Culinary matcha is the matcha that you’ll frequently find in larger bags and in coffee houses throughout the western world. This matcha has the antioxidant benefits and caffeine content of strong, concentrated green tea with a flavor many have learned to love when mixed with some form of milk.
While culinary matcha can be steeped in water to make tea, it will be more bitter than ceremonial-grade matcha. This is why culinary grade matcha is commonly made into lattes, using dairy, almond, or soy milk. Matcha lattes are often sweetened to belie some of their bitter characteristics.
The ratios of this beverage depend on individual preferences, but experimentation with culinary grade matcha is easy and relatively risk-free since this form of matcha can come in such a large volume.
Heat milk or milk-substitute, and whisk matcha powder into it. It’s a good idea to add your sweetener at this point as well so that it incorporates fully with the latte. Steamers and electric frothers make this an easy process.
Storing Green Tea
Your green tea won’t go bad, but it will get stale over time.
Stale teas give you a less nuanced, dull, and often more astringent flavor. To keep your tea fresh, it’s important to know that you’re buying from a good source that won’t send you stale tea in the first place.
Green tea can go stale within six months to a year after purchase. It’s best to store it in a cool, dark place. It will have a longer shelf life is you can keep it away from light, airtight, meaning oxygen and moisture-free, as well as away from any overly fragrant ingredients. In other words, you don’t want to store it in the same container as your super robust chai spices. When it comes to high-quality teas, many recommend using an airtight tin or glass jar for storage, since many plastics can leave odors behind on the tea.
The question of whether or not to refrigerate or freeze your tea is met with many different opinions and perspectives. The biggest concern when it comes to refrigeration is if your tea will come into contact with too much moisture. Airtight storage, such as that made with vacuum sealers is the ideal if you want to store your tea long term in a freezer. Try to use high-quality plastics which won’t impart their odors on the tea itself.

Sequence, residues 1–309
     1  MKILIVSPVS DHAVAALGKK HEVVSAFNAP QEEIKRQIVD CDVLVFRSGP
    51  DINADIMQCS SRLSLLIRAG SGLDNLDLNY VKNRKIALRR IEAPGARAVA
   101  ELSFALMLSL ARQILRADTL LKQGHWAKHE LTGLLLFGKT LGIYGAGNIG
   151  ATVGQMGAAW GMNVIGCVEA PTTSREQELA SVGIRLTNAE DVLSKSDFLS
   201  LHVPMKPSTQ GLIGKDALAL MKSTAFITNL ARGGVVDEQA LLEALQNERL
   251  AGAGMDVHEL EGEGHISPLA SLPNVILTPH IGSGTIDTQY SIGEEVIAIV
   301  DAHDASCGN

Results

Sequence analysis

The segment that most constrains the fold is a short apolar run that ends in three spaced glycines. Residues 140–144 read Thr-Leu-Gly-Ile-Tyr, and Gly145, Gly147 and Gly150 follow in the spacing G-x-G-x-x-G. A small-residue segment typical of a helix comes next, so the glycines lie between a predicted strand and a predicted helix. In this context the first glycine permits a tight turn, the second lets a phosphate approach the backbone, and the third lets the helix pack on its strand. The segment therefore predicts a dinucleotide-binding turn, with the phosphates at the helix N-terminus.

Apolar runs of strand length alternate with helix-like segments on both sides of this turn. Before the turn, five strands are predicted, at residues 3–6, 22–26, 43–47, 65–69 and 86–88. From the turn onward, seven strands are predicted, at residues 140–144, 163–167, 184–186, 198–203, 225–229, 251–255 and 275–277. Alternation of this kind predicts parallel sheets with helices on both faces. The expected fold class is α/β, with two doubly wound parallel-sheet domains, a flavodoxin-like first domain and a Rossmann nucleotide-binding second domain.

Other Uses for Green Tea
- Relieve the dark circles around your eyes. Use two tea bags to brew a small pot of green tea. Drink the tea or set it aside in the fridge as a refreshing iced tea. Take the two cooled tea bags and put them directly over your closed eyes. Allow them to sit this way for a few minutes. The tannins and caffeine will help to tighten your skin and restrict the capillaries for a brighter, less discolored complexion.
- Use the antioxidants in green tea to chase away your acne. Due to its anti-inflammatory properties, green tea extract is a great ingredient to find in facial cleansers or body wash. It can also help to regulate insulin and sex hormone production in the skin. These hormones are the culprits of many of our worst breakouts. Brewed green tea can also be used as a facial astringent in your skincare routine.
- Soothe your sunburn. A rag soaked in green tea can help to soothe sunburnt skin.
- Absorb odors around the house. Make a sachet of green tea leaves in a small cloth bag. Then put it in areas where odors are known to occur to help absorb them. You can put them in your dresser drawers, a pair of shoes, or inside the fridge.
Which Green Tea is Best for You
If you’re looking for an authentic brewing experience, avoid tea bags and pick up loose leaf teas from specialty stores.
Allow yourself to explore without expecting yourself to be an expert at first sip or liking everything immediately.
Bottled green tea is unlikely to give you as many antioxidant benefits as fresh brewed green tea. This is because bottle processing lowers the antioxidant content to merely five percent of its original amount. Additionally, most bottled teas contain added sugar as well as other dubious added flavors, which can negate a lot of the health benefits of drinking green tea.
Choosing decaffeinated tea also lowers the number of beneficial antioxidants that you’ll get from your brew. The extra-processing involved in decaffeinating tea eliminates about sixty percent of the antioxidants in green tea.
Green teas, especially those of lower quality like many found in mass-produced tea bags often have heavy metal contaminants due to their production, growth, and processing. Metals found include lead, aluminum, arsenic, and cadmium. This may even be true of those teas labeled organic.
While Chinese green teas have been the most common in the market for centuries, they have recently exhibited the highest degree of heavy metal contamination. Green tea varieties from Japan and Sri Lanka show less heavy metal contamination than Chinese varieties.
If you’re concerned about metal contaminants, brew your tea for shorter periods of time to make it less likely that heavy metals will leach into your brewed tea.
Drinking organic teas limits the number of pesticide residues that can get into your brew. Teas labeled as organic are not grown with the use of pesticides. Nonetheless, non-organic teas do not generally register high pesticide residues either.
5 Quick and Easy Recipes
1. Winter Spiced Green Tea
For those who are looking to make green tea ritual feel even cozier in the winter, a simple spiced brew can make the light grassy flavor a little deeper and warmer. The addition of cinnamon and ginger in this recipe also add digestive aid to the list of green tea’s benefits.
- 2 cinnamon sticks